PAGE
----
Moebius (1987) #1-9
As anybody European of a certain age, I was agog by Moebius as a teenager… and that’s never really stopped. What stopped was translations of his work being available. It seemed like we had virtually no work translated after the late 80s (except the Jodorowski stuff), which seemed a shame. The floodgates have opened now, and I never understood why there were these two decades with no translations, but read some rumours about his agents being very difficult, or something.
Anyway! This was in the 80s, and I bought most of these at the time (even though I had much of this in other languages already). I lacked a couple of the albums, and they were surprisingly expensive to buy via ebay, so I guess these are very popular still.
But it’s totally understandable why: These are really nice editions, and the selections are pretty spot on. Nice designs, excellent printing, etc, etc.
The only annoying thing is that we’re usually not told when or where these pieces originally appeared. Moebius’ artwork changes a lot over the years, though, so it’s usually easy to tell, but it’d still be nice to have your guesses confirmed.
When Marvel started Epic, I don’t think anybody would have guessed that what Epic would be best remembered for 30 years later would be two translated works: This and Akira. They were both really influential for future American comics artists: These days, it seems like half of younger US sci-fi comics artists have memorised these albums. And, of course, Akira took the US appreciation of Japanese comics to another level.
I wondered while re-reading these was whether Marvel would be censoring any of the stories. I couldn’t remember one way or the other.
The Lofficiers (they’re the translators) do the introductions to every issue.
That’s gorgeous, dude. I love the colouring: It’s not contoured or anything; it’s flat… ish. It’s just kinda perfect.
Let’s compare to the Danish edition published a couple of years ago: Completely identical. I remember somebody releasing an edition of the Incal a decade ago where somebody (Beltran?) had added 3D colouring everywhere. It was a horrendous shit show.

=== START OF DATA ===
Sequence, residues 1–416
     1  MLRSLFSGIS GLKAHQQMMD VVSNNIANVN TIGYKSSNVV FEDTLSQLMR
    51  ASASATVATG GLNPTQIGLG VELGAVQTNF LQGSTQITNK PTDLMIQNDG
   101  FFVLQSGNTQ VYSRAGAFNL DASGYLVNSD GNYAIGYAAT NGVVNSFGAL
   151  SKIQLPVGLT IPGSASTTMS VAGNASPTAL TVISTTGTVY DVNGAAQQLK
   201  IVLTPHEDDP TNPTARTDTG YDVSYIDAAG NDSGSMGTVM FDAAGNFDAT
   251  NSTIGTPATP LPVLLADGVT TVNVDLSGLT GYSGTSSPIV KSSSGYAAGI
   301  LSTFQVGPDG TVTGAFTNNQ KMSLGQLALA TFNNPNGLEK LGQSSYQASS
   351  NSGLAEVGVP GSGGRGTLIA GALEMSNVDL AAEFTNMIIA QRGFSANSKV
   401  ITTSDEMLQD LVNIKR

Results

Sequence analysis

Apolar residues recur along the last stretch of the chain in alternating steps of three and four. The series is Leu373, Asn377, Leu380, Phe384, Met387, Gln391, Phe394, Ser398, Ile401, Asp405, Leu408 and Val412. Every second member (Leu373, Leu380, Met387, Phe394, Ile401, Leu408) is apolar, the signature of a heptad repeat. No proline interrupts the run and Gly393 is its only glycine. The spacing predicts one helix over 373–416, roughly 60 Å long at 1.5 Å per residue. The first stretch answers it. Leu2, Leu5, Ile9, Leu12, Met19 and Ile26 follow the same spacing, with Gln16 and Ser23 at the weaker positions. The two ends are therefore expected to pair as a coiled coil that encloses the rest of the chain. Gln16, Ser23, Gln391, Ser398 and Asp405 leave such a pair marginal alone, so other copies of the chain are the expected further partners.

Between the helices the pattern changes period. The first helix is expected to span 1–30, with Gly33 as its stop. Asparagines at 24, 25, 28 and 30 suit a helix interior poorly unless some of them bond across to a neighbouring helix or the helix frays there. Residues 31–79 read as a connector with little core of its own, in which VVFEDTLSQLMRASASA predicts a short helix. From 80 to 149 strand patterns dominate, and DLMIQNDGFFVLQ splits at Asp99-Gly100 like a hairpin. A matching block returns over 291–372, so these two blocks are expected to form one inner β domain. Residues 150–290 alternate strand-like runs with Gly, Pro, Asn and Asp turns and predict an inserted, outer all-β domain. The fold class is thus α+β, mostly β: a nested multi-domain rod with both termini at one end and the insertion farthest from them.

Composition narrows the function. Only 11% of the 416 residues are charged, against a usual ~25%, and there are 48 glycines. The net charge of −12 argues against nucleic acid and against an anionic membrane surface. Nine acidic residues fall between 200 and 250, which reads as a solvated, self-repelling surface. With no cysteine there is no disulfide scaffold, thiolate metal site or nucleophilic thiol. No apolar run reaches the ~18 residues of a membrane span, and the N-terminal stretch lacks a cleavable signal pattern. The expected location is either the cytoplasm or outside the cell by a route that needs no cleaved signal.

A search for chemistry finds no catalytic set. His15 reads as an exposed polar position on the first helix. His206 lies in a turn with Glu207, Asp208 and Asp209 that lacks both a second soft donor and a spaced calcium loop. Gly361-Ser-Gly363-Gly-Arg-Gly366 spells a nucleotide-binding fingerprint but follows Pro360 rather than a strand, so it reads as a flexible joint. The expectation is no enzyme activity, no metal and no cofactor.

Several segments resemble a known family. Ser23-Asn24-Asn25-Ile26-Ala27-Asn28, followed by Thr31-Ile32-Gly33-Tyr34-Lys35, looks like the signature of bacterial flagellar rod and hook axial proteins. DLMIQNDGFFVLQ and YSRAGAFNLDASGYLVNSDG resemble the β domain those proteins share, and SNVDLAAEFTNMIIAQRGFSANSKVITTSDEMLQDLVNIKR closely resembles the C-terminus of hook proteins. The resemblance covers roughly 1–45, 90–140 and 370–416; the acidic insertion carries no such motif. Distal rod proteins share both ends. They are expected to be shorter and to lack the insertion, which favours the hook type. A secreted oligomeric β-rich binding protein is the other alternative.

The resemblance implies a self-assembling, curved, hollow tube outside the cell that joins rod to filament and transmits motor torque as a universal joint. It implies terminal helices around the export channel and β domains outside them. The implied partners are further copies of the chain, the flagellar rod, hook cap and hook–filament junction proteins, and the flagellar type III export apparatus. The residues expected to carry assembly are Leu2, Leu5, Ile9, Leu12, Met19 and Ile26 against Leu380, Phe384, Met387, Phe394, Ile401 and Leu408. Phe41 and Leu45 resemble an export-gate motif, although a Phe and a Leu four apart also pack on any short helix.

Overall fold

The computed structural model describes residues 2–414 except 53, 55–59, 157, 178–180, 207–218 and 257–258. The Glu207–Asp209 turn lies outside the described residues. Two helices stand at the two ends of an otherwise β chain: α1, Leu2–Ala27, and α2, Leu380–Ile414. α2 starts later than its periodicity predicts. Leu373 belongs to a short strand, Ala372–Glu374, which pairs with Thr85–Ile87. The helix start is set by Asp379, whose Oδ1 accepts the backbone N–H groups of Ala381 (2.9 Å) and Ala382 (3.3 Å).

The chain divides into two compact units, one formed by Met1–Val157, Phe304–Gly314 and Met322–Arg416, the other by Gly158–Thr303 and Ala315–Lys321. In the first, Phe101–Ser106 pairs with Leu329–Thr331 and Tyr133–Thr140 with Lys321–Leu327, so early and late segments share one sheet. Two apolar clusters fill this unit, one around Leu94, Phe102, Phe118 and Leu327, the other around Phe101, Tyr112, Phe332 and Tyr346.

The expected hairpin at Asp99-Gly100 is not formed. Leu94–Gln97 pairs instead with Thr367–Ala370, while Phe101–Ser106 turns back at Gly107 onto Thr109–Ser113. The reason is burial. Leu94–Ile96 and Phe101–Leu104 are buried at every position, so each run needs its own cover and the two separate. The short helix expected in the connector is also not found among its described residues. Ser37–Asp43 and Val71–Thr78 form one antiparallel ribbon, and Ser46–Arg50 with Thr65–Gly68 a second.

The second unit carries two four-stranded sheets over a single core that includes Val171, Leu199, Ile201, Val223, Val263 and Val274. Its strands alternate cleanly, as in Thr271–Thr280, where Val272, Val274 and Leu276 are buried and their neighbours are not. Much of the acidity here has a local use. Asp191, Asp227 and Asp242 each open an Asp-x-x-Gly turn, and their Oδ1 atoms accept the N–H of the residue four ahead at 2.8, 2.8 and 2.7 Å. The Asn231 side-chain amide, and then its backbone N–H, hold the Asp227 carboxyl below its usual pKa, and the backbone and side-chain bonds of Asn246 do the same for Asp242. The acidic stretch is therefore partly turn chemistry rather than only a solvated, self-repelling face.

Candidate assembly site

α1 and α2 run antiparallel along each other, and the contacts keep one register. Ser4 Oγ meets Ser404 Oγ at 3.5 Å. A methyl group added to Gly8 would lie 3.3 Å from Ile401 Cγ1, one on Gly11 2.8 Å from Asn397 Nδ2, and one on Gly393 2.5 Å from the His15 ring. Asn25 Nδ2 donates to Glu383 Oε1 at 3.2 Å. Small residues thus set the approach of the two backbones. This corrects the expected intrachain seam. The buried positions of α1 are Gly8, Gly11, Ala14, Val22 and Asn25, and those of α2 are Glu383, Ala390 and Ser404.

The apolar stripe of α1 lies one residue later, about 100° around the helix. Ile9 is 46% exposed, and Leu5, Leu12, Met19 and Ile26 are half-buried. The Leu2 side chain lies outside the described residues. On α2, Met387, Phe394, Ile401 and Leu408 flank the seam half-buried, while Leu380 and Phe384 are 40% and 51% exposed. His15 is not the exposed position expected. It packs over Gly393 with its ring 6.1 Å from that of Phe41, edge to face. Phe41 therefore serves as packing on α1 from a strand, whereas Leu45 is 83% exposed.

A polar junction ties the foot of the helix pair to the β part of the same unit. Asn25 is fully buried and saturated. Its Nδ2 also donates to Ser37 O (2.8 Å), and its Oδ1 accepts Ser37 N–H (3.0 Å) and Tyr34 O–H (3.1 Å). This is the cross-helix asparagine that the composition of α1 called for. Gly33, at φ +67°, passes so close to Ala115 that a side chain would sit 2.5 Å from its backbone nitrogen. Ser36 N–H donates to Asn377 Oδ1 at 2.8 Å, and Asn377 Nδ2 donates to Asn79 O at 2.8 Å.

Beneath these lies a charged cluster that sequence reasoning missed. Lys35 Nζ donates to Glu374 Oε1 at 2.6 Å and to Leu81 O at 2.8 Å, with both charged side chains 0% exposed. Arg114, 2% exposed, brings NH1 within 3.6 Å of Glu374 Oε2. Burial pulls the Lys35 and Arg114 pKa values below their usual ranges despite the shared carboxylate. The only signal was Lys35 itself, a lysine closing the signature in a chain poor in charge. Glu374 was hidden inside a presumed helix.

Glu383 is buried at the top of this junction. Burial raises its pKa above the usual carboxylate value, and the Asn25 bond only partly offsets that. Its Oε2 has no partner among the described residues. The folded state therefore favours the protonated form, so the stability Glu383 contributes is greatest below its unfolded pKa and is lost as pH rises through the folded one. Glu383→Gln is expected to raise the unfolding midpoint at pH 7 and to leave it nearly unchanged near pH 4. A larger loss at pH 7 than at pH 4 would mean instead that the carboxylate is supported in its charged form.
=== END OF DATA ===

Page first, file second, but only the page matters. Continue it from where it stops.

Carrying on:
The Danish edition has one major problem: It uses a horrendous font (based on Moebius), and breaks words without any rhyme or reason. The American hand lettering looks very nice, even if it’s not very close to Moebius’ lettering.
Moebius himself was obviously very involved with the making of this edition: The ones that are newly coloured he usually supervised, and he provides some text about every story here. It’s pretty chatty and informal, and it’s fun to read, but I can’t help think that the stories would have had greater impact if we weren’t reading an explanation of these stories (many of which are pretty f-ing ineffable).
The new Danish editions do have some of the same problems, but there the texts aren’t written by Moebius, so I just skipped them.
The weirdest origin of a story is Upon a Star, which was a commission by Renault (which you can see above). It was originally meant to be a four page story, where Moebius was only going to do the layouts, but he expanded it to 40 pages and did it all himself. And then this was the start of the Aedena cycle, which ended up being five and a half albums.
Moebius wanted to draw in a simpler style, but make each line better, I guess.